The right attitude:
In RC crawling competitions, attitude is everything. The first thing you should realize is that RC rock crawling is far more laid back compared to tradition RC racing. It is only as serious as you make it. Don’t confuse worry with concentration, you need to concentrate. If you worry about making mistakes, you will focus on the possible mistake and be highly likely to make it.
Charge your batteries:
Leaving them at home is one thing, bringing them and realizing you forgot to charge them is another. You should bring about 500 Mah per 5 kilometers depending on the surface. If there is a lot of snow or sand, bring more batteries.
Pre-running a course is against the rules but studying your course ahead of time and picking out your line is very important. When pre-running look for alternative routes and optional lines, you might need them if things don’t go according to plan.
When you rush you are more likely to make costly mistakes, good drivers drive slowly and are very focused. Take your time and plan out your line.
Thinking big is key:
You should not attack each gate as individual obstacles. Think of Rock crawling as a game of chess where you have to think of multiple moves at a time, I am sure you don’t want to clear a gate only to be left in an impossible position for the next.
Practice makes perfect:
Knowing your truck’s abilities and limitations are very important and you can only achieve this if you practice. If you don’t know what your rig can and cannot do, you will always make mistakes. And practice will improve your driving skills and you can learn a new skill too when you practice.
Typical camp day
Smaller clubs will have small turnouts and the camping days are usually short, in turn, bigger clubs will have big turnouts and the camping days are usually long. Here is how a typical camp might go down at a large club.
9:00 AM Arrival of competitors and the registration process starts in which tech is performed and courses are being designed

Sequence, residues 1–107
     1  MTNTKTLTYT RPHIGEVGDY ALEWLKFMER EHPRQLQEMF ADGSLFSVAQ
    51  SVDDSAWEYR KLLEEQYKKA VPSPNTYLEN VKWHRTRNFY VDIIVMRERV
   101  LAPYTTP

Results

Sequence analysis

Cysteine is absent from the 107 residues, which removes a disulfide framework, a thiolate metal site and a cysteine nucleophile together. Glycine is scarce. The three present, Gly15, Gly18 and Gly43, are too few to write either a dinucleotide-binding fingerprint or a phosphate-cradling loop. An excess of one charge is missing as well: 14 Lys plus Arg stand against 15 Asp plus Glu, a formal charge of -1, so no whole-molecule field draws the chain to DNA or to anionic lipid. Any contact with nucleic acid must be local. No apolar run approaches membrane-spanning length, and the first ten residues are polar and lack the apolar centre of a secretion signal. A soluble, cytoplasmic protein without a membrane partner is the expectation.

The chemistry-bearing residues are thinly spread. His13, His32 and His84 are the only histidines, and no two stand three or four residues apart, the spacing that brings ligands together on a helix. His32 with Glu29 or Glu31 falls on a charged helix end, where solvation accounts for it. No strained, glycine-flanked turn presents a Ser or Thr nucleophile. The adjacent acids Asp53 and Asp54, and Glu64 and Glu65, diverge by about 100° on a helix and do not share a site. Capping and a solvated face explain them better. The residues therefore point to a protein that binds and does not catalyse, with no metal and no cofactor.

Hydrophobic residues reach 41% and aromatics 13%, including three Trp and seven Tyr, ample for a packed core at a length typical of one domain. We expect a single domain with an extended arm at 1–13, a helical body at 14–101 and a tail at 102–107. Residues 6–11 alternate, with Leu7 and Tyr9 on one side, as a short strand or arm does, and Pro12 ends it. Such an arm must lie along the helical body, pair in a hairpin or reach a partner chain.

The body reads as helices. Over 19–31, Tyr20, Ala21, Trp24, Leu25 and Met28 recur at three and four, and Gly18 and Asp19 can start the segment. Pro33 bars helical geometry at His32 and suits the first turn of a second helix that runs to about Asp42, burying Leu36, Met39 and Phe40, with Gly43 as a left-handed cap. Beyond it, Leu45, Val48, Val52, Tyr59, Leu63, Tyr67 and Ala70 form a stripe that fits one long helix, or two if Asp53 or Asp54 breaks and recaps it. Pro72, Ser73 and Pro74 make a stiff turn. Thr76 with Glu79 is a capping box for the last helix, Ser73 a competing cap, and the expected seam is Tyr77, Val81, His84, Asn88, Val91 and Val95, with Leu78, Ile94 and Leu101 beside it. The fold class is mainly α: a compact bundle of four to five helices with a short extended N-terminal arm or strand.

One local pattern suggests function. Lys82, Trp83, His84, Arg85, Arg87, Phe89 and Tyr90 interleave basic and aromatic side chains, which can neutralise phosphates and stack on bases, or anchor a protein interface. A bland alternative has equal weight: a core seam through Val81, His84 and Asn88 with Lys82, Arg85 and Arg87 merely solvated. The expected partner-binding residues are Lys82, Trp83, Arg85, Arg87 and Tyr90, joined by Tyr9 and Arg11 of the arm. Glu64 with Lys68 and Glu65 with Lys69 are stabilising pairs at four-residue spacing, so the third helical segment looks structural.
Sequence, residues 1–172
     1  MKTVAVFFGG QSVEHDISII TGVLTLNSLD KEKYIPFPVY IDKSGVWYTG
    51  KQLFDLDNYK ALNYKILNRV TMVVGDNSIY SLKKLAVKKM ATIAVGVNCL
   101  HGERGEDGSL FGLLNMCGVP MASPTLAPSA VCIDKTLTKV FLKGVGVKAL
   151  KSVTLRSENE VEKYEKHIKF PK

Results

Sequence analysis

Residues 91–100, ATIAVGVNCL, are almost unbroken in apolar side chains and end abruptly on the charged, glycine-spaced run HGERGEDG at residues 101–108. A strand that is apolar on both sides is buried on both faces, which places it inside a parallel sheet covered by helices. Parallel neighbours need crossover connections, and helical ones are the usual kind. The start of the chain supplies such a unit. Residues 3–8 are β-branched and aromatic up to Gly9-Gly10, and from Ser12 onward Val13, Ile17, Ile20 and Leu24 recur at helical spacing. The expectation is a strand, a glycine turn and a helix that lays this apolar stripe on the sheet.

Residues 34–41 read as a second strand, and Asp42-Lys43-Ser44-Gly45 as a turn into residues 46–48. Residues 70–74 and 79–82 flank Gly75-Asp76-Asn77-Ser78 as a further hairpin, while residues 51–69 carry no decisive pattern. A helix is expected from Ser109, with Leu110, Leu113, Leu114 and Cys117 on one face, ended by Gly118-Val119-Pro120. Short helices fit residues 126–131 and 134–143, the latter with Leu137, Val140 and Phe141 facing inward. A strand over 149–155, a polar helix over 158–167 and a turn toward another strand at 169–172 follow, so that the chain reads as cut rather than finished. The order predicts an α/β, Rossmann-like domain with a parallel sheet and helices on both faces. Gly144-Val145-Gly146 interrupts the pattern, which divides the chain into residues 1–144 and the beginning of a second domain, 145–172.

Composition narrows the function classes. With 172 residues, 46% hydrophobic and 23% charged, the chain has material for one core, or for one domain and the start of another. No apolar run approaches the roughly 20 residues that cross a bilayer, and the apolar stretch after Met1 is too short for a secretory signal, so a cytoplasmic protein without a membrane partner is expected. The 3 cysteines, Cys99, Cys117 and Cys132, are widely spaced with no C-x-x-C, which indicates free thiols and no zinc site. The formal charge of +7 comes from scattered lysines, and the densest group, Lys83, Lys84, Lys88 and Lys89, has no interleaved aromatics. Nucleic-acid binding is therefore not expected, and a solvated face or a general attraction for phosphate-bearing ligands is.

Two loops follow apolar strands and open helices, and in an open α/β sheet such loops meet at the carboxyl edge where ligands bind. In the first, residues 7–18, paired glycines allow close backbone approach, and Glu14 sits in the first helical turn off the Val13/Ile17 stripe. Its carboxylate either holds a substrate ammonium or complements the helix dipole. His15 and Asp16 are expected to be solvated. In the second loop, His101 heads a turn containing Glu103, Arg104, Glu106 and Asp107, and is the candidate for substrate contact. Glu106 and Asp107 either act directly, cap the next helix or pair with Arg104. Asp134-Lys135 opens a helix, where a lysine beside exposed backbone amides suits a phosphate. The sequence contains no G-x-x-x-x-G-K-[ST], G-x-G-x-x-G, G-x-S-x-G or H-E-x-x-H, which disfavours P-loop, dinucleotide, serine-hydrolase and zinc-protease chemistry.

9:30 AM Courses are being finished by the course designers
9:45 AM Driver’s meeting takes place where the event organizers will outline how the day will go and explain the basic rules
10:00 AM Drivers will start running the courses, in some cases multiple courses are run at once so, make sure you know where to be
1:00 The first will finish then, the second class is set up
1:30 Second class will start
4:30 PM Second class will finish
4:45 PM Scores are tallied
5:00 PM Awards are presented.
In RC crawling competitions points are added for penalties and just like golf, the lowest score wins. The most common penalty is for using reverse, but you can also get penalties for rolling your vehicle over and hitting gates. There are time limits for every course and exceeding the time limit will result in a Did Not Finish (DNF). Touching your vehicle (for a repair, by accident or to reposition it other than for a simple rollover) it is deemed a touch penalty and it will cost you 10points. Rollovers are only worth 5points, but you must only simply roll the vehicle back over to either side. You cannot pick it up and place it back on all four tires.
Vehicle Touch +10
Out of bounds +10
Rock crawling is a fun-filled sport, but in order to enjoy it better and not just risk your life or waste your time for nothing, you need to be well informed. For beginners, it is always difficult but with the right information and dedication, you will be a professional in no time.
Name: Chrixtopher from fiverr.